on mutual masturbation, [F(1, 47.3) ⫽ 0.50, p ⫽ .483]. The only significant effect was the interaction of group and time [F(2, 84.0) ⫽ 3.40, p ⫽ .038]. This was the only measure in which high scores indicated less of the behavior. As seen in Table 4, scores on mutual masturbation increased in the experimental group from baseline to both follow-up times indicating that mutual masturbation decreased after the intervention. This trend did not hold in the control group. Information about HIV/AIDS. Table 5 shows that there was no significant effect of gender on knowledge of HIV/AIDS, [F(1, 48. 8) ⫽ 2.62, p ⫽ .112]. There was a significant interaction between intervention group and time [F(2, 83.4) ⫽ 5.26, p ⫽ .007]. As can be seen in Table 5, knowledge increased for all participants over time, but was most evident among intervention participants. Sexual decision making. There was no significant interaction between intervention group and time for sexual decision making [F(2, 85.4) ⫽ 1.266, p ⫽ .287]. There also was no main effect by intervention group [F(1, 47.0) ⫽ 3.67, p ⫽ .062], gender [F(1, 47.4) ⫽ 9.69, p ⫽ .003], or time [F(2, 85.4) ⫽ 6.53, p ⫽ .002]. Attitudes toward mutual masturbation. There was no significant main effect for gender on attitudes toward mutual masturbation [F(1, 45.0) ⫽ 0.36, p ⫽ .553]. There was a significant interaction of group with time [F(2, 80.0) ⫽ 3.87, p ⫽ .025]. As can be seen in Table 5, scores increased more over time in the intervention group than in the control group. Attitudes toward use of condoms. There was no significant effect of gender on attitudes toward condom use [F(1, 47.6) ⫽ 2.65, p ⫽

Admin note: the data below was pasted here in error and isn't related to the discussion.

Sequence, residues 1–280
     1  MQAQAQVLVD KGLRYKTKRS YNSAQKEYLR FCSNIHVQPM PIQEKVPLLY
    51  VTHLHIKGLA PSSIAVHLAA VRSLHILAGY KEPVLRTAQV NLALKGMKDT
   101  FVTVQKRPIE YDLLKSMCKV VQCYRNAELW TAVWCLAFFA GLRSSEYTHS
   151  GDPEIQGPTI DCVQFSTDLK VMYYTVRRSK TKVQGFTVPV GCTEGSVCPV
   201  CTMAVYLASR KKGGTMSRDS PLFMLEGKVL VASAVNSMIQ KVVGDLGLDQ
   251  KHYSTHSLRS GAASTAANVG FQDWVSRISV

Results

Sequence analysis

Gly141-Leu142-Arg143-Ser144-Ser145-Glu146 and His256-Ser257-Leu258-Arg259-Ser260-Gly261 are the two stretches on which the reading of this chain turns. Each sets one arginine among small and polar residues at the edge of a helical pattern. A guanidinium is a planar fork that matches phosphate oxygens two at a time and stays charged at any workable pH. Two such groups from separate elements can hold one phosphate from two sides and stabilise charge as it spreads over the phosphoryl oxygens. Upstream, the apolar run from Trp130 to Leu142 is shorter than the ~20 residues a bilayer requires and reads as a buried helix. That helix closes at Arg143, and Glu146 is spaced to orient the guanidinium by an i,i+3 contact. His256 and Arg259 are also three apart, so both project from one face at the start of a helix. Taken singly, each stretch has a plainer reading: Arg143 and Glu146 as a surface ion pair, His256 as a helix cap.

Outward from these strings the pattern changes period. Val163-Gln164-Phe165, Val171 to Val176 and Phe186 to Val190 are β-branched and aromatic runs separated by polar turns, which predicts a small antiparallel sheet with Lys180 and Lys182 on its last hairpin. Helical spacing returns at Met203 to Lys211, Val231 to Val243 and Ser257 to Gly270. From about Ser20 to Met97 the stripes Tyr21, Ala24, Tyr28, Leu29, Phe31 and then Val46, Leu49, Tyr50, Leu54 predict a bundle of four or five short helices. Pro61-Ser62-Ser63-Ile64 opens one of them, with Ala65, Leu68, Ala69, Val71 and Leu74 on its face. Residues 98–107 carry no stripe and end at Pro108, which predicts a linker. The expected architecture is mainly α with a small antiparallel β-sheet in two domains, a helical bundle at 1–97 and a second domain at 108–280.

Table 4 Means and 95% Confidence Interval of Primary Outcomes by Condition, Time, and Sex Males Baseline


Females Follow-up



95% CI


95% CI


95% CI

Experimental Control

1.51 1.43

1.1, 1.9 1.0, 1.8

2.24 1.22

1.8, 2.6 .8, 1.6

2.36 1.12

2.0, 2.7 .7, 1.5

Experimental Control

2.18 2.60

1.7, 2.6 2.1, 3.1

2.83 2.34

2.3, 3.3 1.8, 2.9

2.46 2.43

Baseline M

95% CI




95% CI


95% CI

2.29 1.27

1.9, 2.7 .9, 1.7

2.41 1.17

2.0, 2.8 .8, 1.6

3.01 2.51

2.5, 3.5 2.0, 3.0

2.63 2.60

2.1, 3.1 2.0, 3.1

Male condom use 1.56 1.48

1.2, 1.9 1.1, 1.9

Practice of mutual masturbation 1.9, 3.0 1.9, 3.0

2.35 2.77

1.9, 2.8 2.2, 3.3


60.4 59.6

20.75 20.22

86.58 87.68

47.99 45.06

28.96 27.41

32.61 33.75


Experimental Control

Experimental Control

Experimental Control

Experimental Control

Experimental Control

Experimental Control

29.5, 35.7 30.3, 37.2

23.2, 34.7 20.9, 33.9

43.5, 52.4 40.1, 50.0

83.1, 90.1 83.7, 91.6

19.0, 22.5 18.2, 22.2

57.9, 62.9 56.8, 62.4

95% CI


34.22 34.86

47.81 24.99

55.27 46.91

92.40 87.84

24.04 21.87

64.7 61.3


30.9, 37.5 31.3, 38.4

41.3, 54.3 18.2, 31.8

50.6, 59.9 41.9, 51.9

88.6, 96.1 83.8, 91.8

22.1, 26.0 19.8, 23.9

62.0, 67.4 58.4, 64.1

95% CI



M 62.7 61.9

21.3, 25.2 18.6, 22.7

23.58 23.05

Sexual decision making

63.9, 69.3 58.2, 63.9 21.8, 25.3 21.1, 25.0

60.2, 65.2 59.1, 64.7

95% CI


Information about HIV/AIDS

95% CI


35.26 33.21

44.75 23.14

55.12 47.76

92.24 88.99

85.42 86.51

81.9, 88.9 82.6, 90.4

52.14 49.21 27.77 26.23

31.9, 38.6 29.7, 36.7

33.66 34.80

Sexual negotiation

38.1, 51.4 16.3, 29.9

Social support

50.4, 59.8 42.7, 52.8

30.5, 36.8 31.3, 38.3

22.0, 33.5 19.7, 32.8

47.7, 56.6 44.2, 54.2

Attitudes toward male condom use

88.4, 96.0 85.0, 93.0

Attitudes toward mutual masturbation

23.27 20.67

66.6 61.1


Table 5 Means and 95% Confidence Interval of Secondary Outcomes by Condition, Time, and Sex

35.28 35.92

46.62 23.81

59.42 51.06

91.23 86.67

26.87 24.71

67.0 63.6


32.0, 38.6 32.4, 39.4

40.1, 53.1 17.0, 30.6

54.7, 64.1 46.0, 56.1

87.5, 95.0 82.7, 90.7

24.9, 28.8 22.7, 26.7

64.3, 69.7 60.7, 66.4

95% CI



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36.31 34.27

43.57 21.96

59.27 51.91

91.07 87.82

26.10 23.51

68.9 63.4


33.0, 39.6 30.7, 37.8

37.1, 50.0 15.1, 28.8

54.6, 63.9 46.9, 56.9

87.3, 94.8 83.8, 91.8

24.2, 28.0 21.5, 25.5

63.9, 69.3 60.5, 66.2

95% CI